Friday, October 8, 2010
Malarians Live Review by Dave Hayes
Sierra Grille, Northampton, MA
June 10, 2010
by Dave Hayes
The alarm went off for a half an hour before the soundtrack of my current dream slowly but surely became the soundtrack of my confused bedroom surroundings. CRAP. I was a half hour late for The Malarians gig at Sierra Grille, so I threw ons some clothes, a hat, grabbed my water bottle, and stumbled out the door mumbling some loud repeated phrase designed to wake me up out of my sleepy stupor.
When I arrived at Sierra, The Malarians were on. I peeked into the window to watch for a minute, in the same way I watched some of The Unband's infamous gig 16 years prior back in the early Bay State days that Mal Thursday started when he became booking agent in 1993. Only this time, Mal (his real name is J.M. Dobies) was fronting his band from WAY back in the day (they were active from 1984-1990, and began at Hampshire College, I believe).
When I walked in, I first saw my friend Greg, said hello, and then immediately noticed Dancing Larry. I knew then that this was an old-school Northampton freakfest shakedown of the highest order, and a cheshire cat grin replaced my semi-drooling tired pie-hole.
The Malarians were ROCKING. I kept telling people all night it was as if they were a working band, as if they'd never stopped. It was COHESIVE. This was not the sound of old friends getting together for a couple practices and a couple gigs. THIS BAND HAD A VIBE, an energy of urgency that the best bands produce.
Mal throughout the night timed his classic 'YEA-YUHs' at just the right moments, which was like a band mantra.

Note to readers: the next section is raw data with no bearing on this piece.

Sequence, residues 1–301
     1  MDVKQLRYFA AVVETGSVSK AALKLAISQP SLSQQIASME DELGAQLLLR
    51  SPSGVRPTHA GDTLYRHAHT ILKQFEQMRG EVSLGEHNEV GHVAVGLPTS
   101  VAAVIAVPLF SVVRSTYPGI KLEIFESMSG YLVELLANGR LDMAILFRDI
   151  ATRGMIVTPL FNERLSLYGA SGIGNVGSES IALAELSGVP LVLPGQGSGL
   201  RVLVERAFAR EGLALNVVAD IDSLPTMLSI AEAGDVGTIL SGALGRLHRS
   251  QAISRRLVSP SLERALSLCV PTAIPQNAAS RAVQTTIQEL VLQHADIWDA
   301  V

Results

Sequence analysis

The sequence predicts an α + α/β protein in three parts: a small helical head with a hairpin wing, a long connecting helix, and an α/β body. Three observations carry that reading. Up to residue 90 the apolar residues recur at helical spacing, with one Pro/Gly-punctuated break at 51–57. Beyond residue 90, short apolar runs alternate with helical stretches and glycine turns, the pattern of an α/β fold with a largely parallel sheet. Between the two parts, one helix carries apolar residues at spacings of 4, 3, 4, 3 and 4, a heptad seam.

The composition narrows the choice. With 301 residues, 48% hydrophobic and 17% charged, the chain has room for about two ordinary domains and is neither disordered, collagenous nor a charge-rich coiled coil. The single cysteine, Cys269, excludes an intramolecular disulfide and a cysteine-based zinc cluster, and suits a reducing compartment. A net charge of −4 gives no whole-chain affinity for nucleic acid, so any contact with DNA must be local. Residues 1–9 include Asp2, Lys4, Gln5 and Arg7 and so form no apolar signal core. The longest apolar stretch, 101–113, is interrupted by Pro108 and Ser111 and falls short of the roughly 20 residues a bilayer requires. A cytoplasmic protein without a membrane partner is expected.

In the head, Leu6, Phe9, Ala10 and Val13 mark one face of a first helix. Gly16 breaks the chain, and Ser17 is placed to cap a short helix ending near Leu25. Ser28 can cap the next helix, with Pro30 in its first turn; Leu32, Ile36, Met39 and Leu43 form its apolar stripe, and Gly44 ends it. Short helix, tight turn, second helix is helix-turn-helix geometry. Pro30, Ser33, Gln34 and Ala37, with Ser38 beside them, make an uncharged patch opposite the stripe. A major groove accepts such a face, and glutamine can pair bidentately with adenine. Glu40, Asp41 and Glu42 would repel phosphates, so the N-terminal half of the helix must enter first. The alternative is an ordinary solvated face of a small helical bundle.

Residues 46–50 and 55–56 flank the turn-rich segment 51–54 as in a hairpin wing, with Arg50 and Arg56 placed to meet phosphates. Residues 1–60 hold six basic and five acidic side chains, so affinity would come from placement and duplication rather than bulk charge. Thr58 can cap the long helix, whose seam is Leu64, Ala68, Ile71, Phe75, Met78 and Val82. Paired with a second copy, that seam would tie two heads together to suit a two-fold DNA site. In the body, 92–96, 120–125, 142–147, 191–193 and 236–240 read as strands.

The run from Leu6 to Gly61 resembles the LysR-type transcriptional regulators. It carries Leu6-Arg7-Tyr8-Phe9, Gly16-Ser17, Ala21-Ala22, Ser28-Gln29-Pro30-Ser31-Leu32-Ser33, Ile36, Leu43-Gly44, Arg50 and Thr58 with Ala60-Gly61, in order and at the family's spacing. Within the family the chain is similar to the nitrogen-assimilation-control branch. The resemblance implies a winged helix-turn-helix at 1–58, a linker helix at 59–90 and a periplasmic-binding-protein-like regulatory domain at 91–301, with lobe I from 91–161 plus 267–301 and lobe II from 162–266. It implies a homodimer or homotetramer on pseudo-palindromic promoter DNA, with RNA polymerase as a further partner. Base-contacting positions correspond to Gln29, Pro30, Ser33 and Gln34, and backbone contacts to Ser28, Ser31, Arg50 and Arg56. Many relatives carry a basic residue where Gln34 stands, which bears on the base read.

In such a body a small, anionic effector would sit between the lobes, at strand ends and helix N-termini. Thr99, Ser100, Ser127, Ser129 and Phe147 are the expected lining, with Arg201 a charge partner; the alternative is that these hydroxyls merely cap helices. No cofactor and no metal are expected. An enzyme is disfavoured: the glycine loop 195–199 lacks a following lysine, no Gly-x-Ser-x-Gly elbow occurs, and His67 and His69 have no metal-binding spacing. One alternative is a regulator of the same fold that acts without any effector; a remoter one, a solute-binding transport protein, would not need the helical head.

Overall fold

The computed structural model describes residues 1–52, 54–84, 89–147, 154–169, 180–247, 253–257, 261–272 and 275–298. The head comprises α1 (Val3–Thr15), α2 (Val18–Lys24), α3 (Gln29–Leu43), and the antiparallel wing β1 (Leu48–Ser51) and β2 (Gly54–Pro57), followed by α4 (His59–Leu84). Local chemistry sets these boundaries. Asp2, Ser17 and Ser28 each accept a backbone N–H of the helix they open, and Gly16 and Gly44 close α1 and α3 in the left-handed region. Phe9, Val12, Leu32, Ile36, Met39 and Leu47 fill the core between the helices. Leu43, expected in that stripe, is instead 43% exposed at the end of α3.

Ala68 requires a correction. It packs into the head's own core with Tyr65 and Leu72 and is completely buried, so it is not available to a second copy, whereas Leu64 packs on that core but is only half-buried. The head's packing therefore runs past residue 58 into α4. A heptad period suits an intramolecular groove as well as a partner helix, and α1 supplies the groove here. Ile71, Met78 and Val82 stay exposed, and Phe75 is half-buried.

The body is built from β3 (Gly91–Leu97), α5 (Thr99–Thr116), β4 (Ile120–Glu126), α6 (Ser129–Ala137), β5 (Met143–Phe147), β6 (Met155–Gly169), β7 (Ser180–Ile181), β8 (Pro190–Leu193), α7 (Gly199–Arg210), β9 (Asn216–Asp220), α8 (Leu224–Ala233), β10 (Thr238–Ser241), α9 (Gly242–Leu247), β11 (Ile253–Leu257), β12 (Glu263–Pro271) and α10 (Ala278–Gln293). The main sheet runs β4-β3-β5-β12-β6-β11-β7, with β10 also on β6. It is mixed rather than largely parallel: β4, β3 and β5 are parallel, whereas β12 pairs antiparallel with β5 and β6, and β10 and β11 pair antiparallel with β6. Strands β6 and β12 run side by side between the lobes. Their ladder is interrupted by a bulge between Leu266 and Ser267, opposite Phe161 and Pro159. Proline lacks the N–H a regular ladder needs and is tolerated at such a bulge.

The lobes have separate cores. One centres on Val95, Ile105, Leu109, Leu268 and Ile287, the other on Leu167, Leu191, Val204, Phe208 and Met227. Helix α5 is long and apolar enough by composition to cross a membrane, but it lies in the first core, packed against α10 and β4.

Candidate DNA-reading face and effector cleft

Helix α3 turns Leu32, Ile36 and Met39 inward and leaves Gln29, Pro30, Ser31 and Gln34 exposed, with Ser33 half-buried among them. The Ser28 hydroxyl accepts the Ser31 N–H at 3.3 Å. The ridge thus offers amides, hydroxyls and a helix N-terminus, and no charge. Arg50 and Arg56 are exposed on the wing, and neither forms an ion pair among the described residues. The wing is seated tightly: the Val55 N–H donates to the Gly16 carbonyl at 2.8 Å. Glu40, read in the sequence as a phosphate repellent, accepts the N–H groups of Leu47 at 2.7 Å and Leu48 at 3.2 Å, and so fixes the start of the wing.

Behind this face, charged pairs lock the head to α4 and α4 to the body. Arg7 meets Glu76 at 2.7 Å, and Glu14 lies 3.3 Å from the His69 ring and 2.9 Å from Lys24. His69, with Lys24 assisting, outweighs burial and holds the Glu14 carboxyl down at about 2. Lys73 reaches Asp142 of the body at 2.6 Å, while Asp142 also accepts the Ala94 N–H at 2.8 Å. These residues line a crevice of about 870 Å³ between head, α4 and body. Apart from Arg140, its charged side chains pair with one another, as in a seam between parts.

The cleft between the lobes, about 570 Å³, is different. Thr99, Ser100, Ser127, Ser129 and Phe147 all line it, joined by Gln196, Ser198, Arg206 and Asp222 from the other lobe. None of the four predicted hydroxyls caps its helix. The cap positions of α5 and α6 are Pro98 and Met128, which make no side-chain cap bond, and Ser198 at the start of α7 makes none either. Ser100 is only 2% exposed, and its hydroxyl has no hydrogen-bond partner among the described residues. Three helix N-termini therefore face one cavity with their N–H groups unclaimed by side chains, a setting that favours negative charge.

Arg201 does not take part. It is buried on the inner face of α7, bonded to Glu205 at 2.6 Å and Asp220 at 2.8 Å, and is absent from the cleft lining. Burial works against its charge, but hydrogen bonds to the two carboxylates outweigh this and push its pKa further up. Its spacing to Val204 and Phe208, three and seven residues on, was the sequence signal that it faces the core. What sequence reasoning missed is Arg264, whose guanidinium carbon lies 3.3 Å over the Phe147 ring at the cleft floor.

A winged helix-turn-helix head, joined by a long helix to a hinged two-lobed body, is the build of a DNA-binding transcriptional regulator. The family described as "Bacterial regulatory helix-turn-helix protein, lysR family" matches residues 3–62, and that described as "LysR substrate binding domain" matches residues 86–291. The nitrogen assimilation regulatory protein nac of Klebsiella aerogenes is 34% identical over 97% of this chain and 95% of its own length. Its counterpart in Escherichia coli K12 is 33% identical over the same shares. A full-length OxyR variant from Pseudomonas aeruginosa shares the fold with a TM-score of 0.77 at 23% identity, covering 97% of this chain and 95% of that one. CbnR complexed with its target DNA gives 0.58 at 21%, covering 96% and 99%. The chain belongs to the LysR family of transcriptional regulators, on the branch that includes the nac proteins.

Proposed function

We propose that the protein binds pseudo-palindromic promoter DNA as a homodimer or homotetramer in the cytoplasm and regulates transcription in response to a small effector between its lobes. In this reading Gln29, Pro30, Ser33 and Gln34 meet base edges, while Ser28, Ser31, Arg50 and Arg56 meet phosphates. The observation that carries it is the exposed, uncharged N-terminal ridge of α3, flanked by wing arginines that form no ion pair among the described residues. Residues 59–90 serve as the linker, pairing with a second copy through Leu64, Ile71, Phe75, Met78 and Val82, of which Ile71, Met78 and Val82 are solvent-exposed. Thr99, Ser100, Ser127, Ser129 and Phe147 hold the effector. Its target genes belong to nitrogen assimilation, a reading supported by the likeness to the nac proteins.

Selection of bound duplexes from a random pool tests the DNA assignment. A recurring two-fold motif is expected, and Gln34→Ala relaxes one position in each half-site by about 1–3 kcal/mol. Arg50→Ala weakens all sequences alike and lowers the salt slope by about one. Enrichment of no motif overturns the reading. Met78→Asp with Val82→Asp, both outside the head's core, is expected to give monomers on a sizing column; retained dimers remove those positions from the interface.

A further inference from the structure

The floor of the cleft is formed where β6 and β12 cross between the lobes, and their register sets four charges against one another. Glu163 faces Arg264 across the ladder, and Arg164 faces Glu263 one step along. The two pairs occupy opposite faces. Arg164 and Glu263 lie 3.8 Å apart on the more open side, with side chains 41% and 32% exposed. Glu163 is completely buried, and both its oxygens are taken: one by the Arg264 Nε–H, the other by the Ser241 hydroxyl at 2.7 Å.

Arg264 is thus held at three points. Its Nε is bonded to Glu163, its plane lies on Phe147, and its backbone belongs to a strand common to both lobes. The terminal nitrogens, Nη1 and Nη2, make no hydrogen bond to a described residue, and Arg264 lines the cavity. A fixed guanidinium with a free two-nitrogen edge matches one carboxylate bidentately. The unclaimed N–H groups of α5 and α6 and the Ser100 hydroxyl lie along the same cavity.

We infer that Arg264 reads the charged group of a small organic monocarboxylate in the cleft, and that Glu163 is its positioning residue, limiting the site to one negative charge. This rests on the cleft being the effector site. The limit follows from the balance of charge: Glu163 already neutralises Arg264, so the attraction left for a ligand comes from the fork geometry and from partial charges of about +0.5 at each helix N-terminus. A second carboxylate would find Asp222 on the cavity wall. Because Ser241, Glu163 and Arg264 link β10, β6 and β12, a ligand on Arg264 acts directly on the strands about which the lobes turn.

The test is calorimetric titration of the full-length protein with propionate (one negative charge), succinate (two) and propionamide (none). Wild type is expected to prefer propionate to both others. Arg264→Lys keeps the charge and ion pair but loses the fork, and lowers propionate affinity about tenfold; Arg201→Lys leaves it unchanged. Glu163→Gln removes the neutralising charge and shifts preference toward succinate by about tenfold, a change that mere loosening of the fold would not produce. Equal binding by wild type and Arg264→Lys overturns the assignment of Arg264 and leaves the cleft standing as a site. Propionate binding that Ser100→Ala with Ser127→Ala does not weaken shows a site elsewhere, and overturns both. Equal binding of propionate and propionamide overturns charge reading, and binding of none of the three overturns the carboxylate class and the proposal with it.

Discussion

These guys were purveyors of classic surf and garage rock replete with farfisa keyboard sounds, backing vocal harmonies, and Mal's classic stutter dance, with his hands thrown in the air like a rock and roll boozy cockatoo, fingers and arms flailing every which way.
Eric Payne (aka 'Lime Rickey') rode the drums with total rock abandon, yet complete control. It was a push-pull balance that he conjured all night long and it drove the tunes, along with Les Lebarge (aka 'Les Fillin') on bass, who was THUNDEROUS with his big ass Gibson Thunderbird cranking away.
The combination of guitarists John Lebhar (aka 'Johnny Tomorrow') and Robert Sherwood (aka 'Bob Medley') was potent. These guys are both total pros, one would lead while the other comped, they'd both riff together, it was just spot on axe-slinging, and the left-handed and right-handed symmetry was cool visually, I thought. Great singers too, can you tell I had fun?!
You could see why these guys were so popular back in the day. It had a retro vibe, but was played with an energy that just felt important and FRESH. Near the end of the night they did a slow-tempo version of Stepping Stone, that was grinding and had many a booty shaking.\
I only wish they would play more. A killer night of original valley rock and roll that began 25 years ago, and may have finished up (in terms of live performances) on this night (although as of this writing there is rumor of more potential live dates). I am grateful I was there to witness it, and gave my bones a good shaking.
The Immolators closed out the night, and while I had to split due to my insane work schedule, I did catch a couple of turns, and the band is aptly named. Mike Dumont was on bass and lead vocals, and Chris LaPlante was on keys and background vocals, and a couple of younger musicians who were ripping it to bits. It was straight ahead rock and roll, and there is no question these guys have their own vibe, and should be paid attention to. It also didn't hurt that Dumont's bass cabinet is the size of a single wide trailer.
Long live rock and roll in the CT River Valley.